An aphorism holds that the only way to eat a hippopotamus is one bite at a time.
What no one mentions is that sometimes the hippopotamus bites back.
Dakota Hudson allowed seven runs (four earned) on only 15 pitches in Tuesday’s first inning as the Cardinals’ cataclysmic collapse was completed with a 7-4 loss to the Washington Nationals, who swept the NLCS and advanced to their first World Series in franchise history.
“They beat us, clearly,” Cardinals manager Mike Shildt said. “Hats off to them. They played really good baseball. They pitched very, very well. Their bats heated up as the series went. They played in the game the right way. It’s a class group.”
After Hudson’s early struggles, Adam Wainwright would be the first pitcher in from the bullpen to serve as a life raft.
Wainwright, who threw 99 pitches in a Game 2 start only three days prior, would allow two inherited runners to score on a single by Trea Turner. They would be the last Washington runs of the night as Wainwright, Ryan Helsley, Giovanny Gallegos, and Andrew Miller combined to provide 7 2/3 innings of scoreless relief and breathing room as the Redbirds searched desperately for a last-minute solution to their offensive woes.
“We fought back in and had a chance to win the game,” Wainwright said. “It had 2012 written all over it, didn’t it? Didn’t it feel like that for a minute? I was feeling that same kind of vibes.”
A fifth inning rally gave the Cardinals four shots against the beleaguered Washington bullpen, but the first inning fireworks were eventually too bright to overcome. With a Washington starting pitcher – Patrick Corbin - finally on the ropes, Paul Goldschmidt and Marcell Ozuna were due up in the order after José Martínez drove a two-run double.
Martínez would advance no further than second as Goldschmidt and Ozuna would both strike out. Goldschmidt’s strikeout was his seventh consecutive, and he would finish the series 1-for-16 with 10 punchouts.
“There’s not one thing you can point to,” Goldschmidt said. “I didn’t play well enough to help us win. One hit in four games, that’s not gonna cut it. It came back to bite us.”
Ozuna’s series wasn’t much better: 3-for-16 with eight strikeouts. The two weren’t alone, as the Cardinals recorded 48 whiffs among their 108 outs in the series. The Nationals pitching was praiseworthy, but the Cardinals bear a great deal of responsibility for their own struggles.
“It’s just a blend, right? It’s a blend of their ability,” Shildt said. “I was just talking to a couple of the guys and just honest evaluation of it. We could have always done better. Talking about three elite strikeout guys in this league. So it’s a combination of things.”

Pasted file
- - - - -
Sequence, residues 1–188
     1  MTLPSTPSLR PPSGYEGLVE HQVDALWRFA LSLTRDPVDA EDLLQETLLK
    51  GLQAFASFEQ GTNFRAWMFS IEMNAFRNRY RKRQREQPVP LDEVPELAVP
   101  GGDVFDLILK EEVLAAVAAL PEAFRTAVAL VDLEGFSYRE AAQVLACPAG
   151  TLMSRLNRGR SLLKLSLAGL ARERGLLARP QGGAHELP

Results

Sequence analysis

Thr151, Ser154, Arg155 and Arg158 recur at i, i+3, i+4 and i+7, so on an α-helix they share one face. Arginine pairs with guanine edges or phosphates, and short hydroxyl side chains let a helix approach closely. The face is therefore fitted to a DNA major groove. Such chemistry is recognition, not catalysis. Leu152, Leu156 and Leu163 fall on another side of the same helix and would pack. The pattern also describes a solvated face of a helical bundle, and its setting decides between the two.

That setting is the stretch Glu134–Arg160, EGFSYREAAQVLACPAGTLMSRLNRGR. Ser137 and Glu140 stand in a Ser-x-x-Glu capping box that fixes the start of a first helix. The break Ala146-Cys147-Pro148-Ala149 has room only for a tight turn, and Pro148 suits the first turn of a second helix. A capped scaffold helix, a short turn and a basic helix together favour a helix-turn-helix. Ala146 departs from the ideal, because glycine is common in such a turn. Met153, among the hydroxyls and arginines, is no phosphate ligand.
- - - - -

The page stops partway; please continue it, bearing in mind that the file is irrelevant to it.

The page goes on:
St. Louis’s season-long resiliency briefly resurfaced in the eighth, as Matt Carpenter dug in against Daniel Hudson with two out and the bases loaded, representing the go-ahead run. A sharp ground ball to Brian Dozier at second skipped up into Dozier’s chest – Nationals fans everywhere felt the same sensation – but was recovered promptly and got DC out of the jam.
That was the moment, after a long series of maybes, when finality sank in. Pete Kozma would not walk through the clubhouse door. The only broken hearts on South Capitol street would belong to the visitors.
“I thought the one he fouled off was probably his best pitch. But just get a swing on,” Shildt said of his hopes for Carpenter’s moment. “Clearly, he would have liked a Roy Hobbs kind of moment and hit one out the ballpark.”
“We had our opportunity, and they played better than us,” Goldschmidt said. “Just learn from it as a group and individually and try to play better and take that into the offseason.”
Ozuna’s ninth inning single came in what may have been his last plate appearance with the Cardinals, as he’s due to be a free agent this winter. So too is Michael Wacha, who didn’t recover from a shoulder strain in time to be available for the postseason.
Wainwright, as well, is on an expiring contract, and he’s been non-committal about his plans for next season. As the club attempts to synthesize the season’s experiences, they’re well aware that this group, as it currently exists, will not be together again in precisely the same way.
“You always learn from things,” Shildt acknowledged. “I will say this: I didn’t feel like anybody made any of the moments in the postseason bigger than they were. I felt like people were present, including our staff, myself. I’m not saying we made all the right decisions, but I’m saying we were into the competition. We were aware what was taking place. We normalized that during the course of the year.
“But experience is a good teacher. You always look to grow from it. We will.”
Shildt entered the postgame press conference room with the sounds of celebration echoing through the depths of the stadium. Technicians and media members were dressed in protective gear to shield them from the celebration they would soon wade into in the Nationals clubhouse – a celebration which Shildt and the Cardinals were denied.
He took his seat and was asked how he was feeling.
“I’ve been better,” he said. And he smiled.
“The sun’ll come up tomorrow.”